First, I’d like to comment in response to the person who posted, “Could these students choose more vanilla locations?” in the comments on the original study abroad introduction page.
I almost have to agree. I can’t speak for the rest of the bloggers, but Barcelona is an incredibly touristy city. There’s no way that I can ever fit in, because everything about me screams “tourist” — from my excellent command of English to my pale skin, which is still pale despite my Mexican heritage and the constant sun here. My roommate wanted to fit in and to integrate into the culture, and I’m glad that’s not my goal. Barcelona’s culture is a tourist culture, and I’ve learned to accept that if I’m going to fit into this beach town, it’s going to be as a foreigner.
It does help that I speak the language fluently. It means that I feel more at home, even if they’re not addressing me in English. If you wish to really challenge yourself, you must go to a country where you don’t know the language that well, and you must live with a host family. I, however, am glad that I’m living in a dorm. I’m having enough difficulty adjusting to my new life, new friends and lack of boyfriend or support system, without the added culture shock.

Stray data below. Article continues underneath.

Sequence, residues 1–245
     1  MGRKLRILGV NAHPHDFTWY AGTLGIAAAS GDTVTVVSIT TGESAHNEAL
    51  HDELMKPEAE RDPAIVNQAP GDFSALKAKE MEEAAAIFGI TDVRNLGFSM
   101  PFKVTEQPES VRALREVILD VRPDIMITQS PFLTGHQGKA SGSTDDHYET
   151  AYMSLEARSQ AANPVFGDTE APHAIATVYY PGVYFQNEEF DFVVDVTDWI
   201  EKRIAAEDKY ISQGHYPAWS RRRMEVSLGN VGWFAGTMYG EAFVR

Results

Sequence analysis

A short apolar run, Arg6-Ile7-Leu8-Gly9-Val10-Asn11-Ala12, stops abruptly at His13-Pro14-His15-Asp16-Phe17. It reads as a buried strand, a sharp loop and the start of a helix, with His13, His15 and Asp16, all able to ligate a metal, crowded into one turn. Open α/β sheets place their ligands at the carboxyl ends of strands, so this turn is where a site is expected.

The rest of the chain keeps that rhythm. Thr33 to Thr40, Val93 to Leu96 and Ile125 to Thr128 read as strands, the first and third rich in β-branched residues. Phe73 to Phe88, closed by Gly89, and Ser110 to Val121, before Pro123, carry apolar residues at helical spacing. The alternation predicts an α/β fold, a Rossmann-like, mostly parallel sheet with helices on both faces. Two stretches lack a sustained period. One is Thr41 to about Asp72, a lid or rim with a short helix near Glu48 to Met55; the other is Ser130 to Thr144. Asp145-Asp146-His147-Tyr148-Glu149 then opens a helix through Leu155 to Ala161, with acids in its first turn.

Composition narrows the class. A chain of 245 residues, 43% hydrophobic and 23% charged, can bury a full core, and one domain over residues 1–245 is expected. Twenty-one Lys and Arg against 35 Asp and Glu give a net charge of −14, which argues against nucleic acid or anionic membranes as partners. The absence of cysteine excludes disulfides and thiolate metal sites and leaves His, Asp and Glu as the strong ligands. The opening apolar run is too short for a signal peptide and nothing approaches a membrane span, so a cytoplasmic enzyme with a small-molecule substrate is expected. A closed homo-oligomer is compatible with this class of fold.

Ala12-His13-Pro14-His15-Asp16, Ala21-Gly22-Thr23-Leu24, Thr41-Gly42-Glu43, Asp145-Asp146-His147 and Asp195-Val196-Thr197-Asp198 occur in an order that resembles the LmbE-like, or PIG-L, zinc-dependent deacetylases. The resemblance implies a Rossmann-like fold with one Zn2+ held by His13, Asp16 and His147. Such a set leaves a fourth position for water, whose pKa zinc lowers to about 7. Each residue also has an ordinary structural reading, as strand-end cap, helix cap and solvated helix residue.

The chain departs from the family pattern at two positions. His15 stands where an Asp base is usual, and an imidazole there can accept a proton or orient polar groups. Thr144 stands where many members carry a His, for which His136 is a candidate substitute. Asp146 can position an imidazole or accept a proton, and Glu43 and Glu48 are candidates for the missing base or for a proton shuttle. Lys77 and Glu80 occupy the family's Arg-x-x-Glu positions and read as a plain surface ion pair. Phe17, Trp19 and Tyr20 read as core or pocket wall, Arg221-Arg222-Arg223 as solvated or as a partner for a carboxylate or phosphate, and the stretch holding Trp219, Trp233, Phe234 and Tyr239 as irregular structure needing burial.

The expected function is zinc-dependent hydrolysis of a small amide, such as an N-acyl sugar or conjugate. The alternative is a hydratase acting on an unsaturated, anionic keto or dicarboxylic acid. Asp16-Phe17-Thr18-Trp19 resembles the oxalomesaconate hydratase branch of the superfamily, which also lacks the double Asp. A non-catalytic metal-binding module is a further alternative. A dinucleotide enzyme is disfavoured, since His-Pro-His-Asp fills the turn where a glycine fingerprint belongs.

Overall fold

Speaking of difficulty, there’s been a lot of trouble with getting the right to be here for the entire year. My friend here assures me that some countries, like the U.S., are much worse with paperwork, but that doesn’t mean I’m not completely pissed off and stressed out about how I’m going to get my tarjeta de estancia para estudios that I need to stay here for the full year. I have a list of ten steps at three different offices that I need to take in order to get this stupid card.
It’s actually not that difficult. What is difficult is that the CASB program has us scheduled for required classes, for which we’re allegedly getting credit, from 9 a.m. to 2 p.m. every day except weekends and holidays. Because here, until September 24, it’s apparently still “summer,” all of the offices have shortened hours. One of the offices is open only from 10 a.m. to 1 p.m. Of course, what must be sacrificed are classes, but since fewer than ten of the students on the program are full-year, we’re destined to be behind in classes and confused about homework compared to everyone else. It wouldn’t be so frustrating if we were taking classes in the local universities, but these are supposed orientation classes scheduled by the program. Shouldn’t they know how much trouble they’re causing us?
As for actual classes, I still have no idea what I’m taking or where. Apparently they start in one week, but I’m still totally clueless. No matter. It’s almost midnight, and my new Barcelona friend Pau (Catalan for “Paul”) invited me and my friend to a party. Talking with locals is the best way to practice the language, so I can’t wait!